Tune in Tonight: Apple TV+ present Michael Douglas as Ben Franklin

From “The Streets of San Francisco” to the court of Versailles is a long trip. And it has taken some 50 years for Michael Douglas, star and executive producer of “Franklin,” an eight-episode historical epic streaming on Apple TV+.

Based on the popular book “A Great Improvisation: Franklin, France, and the Birth of America,” by Pulitzer Prize winner Stacy Schiff, it follows Founding Father Benjamin Franklin over the eight-year period when he worked as an ambassador to the French Court and enlisted the French as allies in the War of Independence from Great Britain, France’s greatest enemy at the time.

When he arrives in late 1776, Franklin knows that the American cause is at rather low ebb. The French are well aware of this, as are the many British spies who trail Franklin at every turn. His entourage consists only of his 17-year-old grandson, Temple (Noah Jupe, “A Quiet Place”).

This is a great role for Douglas, and he plays Franklin with appropriate gusto and frequent restraint. Of all the Founding Fathers, Franklin is the only one who was ever considered a wit and had a worldwide renown entirely independent from the War for Independence.

He and Temple find their carriage besieged when they arrive in Paris. Not because he’s an American diplomat, but because the common Frenchman thinks of him as the man who “invented” electricity and is seen as both a symbol of a rational new scientific age and a kind of a wizard.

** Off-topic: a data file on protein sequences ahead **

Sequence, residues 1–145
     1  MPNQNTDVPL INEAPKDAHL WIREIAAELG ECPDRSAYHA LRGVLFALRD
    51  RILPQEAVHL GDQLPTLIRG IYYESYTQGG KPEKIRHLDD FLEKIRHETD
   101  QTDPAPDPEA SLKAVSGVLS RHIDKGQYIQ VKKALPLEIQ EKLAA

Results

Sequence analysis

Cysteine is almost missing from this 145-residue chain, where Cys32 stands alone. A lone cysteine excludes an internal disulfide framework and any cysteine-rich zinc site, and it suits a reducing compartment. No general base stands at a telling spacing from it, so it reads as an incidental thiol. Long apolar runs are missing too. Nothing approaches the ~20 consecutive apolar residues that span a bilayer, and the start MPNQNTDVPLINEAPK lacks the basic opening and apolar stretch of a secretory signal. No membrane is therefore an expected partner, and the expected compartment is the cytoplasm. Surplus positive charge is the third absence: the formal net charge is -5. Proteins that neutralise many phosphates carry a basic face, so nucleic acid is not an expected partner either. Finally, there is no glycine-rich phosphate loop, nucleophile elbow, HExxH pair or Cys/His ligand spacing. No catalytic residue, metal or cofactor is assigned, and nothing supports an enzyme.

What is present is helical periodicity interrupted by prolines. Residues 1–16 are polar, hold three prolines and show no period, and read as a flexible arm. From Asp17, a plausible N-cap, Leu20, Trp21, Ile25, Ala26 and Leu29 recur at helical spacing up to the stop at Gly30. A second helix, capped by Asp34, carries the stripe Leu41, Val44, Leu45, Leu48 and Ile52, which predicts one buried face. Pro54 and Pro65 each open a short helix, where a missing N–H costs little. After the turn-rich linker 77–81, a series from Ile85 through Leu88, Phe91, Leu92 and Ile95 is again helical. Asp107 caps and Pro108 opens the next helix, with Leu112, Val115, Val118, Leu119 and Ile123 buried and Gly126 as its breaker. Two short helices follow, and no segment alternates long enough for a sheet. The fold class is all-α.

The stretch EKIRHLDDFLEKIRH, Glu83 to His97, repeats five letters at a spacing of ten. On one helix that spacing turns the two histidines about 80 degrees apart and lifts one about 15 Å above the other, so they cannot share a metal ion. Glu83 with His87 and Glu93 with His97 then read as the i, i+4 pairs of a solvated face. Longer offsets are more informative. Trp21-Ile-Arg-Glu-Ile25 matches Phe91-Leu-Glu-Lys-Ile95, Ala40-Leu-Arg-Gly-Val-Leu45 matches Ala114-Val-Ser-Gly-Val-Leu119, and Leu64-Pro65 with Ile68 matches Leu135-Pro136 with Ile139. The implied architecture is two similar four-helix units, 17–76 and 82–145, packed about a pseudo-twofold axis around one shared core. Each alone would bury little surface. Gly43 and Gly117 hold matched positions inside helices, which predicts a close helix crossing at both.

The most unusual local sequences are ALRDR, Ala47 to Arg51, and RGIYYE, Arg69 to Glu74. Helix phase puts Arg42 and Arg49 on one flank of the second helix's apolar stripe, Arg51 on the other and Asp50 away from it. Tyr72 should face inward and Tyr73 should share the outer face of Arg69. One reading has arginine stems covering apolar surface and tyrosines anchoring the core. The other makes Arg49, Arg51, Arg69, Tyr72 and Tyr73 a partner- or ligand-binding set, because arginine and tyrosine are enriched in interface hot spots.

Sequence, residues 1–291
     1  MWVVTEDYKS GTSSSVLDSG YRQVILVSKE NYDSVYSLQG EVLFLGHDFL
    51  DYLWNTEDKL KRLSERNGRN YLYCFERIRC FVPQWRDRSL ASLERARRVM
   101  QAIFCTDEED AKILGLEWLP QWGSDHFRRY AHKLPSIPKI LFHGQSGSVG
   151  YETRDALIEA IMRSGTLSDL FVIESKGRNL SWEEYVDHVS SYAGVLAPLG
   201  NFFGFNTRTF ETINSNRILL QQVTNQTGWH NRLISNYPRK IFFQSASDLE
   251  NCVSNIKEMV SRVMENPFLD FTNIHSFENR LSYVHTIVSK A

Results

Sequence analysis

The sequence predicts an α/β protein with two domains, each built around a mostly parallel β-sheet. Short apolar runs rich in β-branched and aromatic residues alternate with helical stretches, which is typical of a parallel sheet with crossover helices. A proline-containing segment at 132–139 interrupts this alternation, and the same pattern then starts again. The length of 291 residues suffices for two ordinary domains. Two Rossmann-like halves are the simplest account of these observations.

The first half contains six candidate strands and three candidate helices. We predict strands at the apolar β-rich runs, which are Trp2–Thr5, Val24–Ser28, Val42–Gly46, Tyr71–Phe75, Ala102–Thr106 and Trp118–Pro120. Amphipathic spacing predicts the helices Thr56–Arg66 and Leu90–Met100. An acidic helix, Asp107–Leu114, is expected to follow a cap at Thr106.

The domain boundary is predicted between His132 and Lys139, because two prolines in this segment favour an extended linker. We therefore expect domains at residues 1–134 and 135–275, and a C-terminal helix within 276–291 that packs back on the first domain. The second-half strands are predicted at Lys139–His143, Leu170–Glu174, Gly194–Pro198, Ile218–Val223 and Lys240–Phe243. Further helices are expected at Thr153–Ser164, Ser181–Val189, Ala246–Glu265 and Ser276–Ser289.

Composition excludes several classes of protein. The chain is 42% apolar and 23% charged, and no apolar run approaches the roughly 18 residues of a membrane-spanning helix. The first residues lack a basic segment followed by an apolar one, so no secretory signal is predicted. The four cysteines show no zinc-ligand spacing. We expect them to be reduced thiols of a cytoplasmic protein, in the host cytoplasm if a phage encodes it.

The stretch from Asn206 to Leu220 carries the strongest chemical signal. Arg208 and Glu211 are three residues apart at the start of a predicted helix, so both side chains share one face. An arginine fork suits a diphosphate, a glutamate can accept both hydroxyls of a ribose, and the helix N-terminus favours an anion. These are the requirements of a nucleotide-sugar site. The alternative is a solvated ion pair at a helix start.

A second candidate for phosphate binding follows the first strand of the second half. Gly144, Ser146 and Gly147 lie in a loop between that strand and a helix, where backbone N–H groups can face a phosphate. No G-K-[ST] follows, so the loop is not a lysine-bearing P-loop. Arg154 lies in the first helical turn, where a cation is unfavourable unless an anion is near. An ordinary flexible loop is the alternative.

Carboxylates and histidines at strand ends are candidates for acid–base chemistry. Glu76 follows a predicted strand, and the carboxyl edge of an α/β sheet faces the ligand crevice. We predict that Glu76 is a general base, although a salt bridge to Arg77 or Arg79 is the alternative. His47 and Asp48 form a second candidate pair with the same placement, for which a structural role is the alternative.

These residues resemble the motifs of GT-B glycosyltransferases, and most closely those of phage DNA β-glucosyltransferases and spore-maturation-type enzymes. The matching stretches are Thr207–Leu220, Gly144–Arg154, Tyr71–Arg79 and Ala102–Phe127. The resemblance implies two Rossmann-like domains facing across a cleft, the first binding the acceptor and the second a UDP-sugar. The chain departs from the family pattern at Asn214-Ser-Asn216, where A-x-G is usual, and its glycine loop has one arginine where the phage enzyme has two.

For his part, Franklin is smart enough to know that diplomacy is a kind of theater. He quickly enlists French dramatist Pierre Beaumarchais (Assaad Bouab, “Call My Agent!”) to help him insinuate himself into the French court. Franklin also dons a fur cap, instantly costuming himself as a rough frontiersman in a milieu of powdered wigs.

Douglas’s Franklin is proficient enough in a halting American-accented French to impress his hosts, but is not above speaking with rude Anglo-Saxon bluntness about bodily functions. He describes “passing wind” as an exquisite pleasure. He remains the earthiest Founding Father, and the most sophisticated. And both traits serve him well while imbedded in a court culture that came to define aristocratic decadence.

“Franklin” is smart enough to accentuate history’s paradoxes — such as a representative of a stoic, egalitarian American ideal seeking help from fancy aristocrats. For their part, the French are also wary of what Franklin and his popularity might represent. Six years after Franklin’s residency in Paris concluded, Paris would be engulfed in its own revolution and many of the bewigged heads seen here would find themselves in a basket beneath a guillotine.

Writer Kirk Ellis also penned HBO’s “John Adams” miniseries. Of the two, this one is more fun, simply because Franklin is a bon-vivant, and Adams, even in Paul Giamatti’s capable hands, was a bit of a stiff. Look for Eddie Marsan (“Ray Donovan”) as John Adams in this effort.

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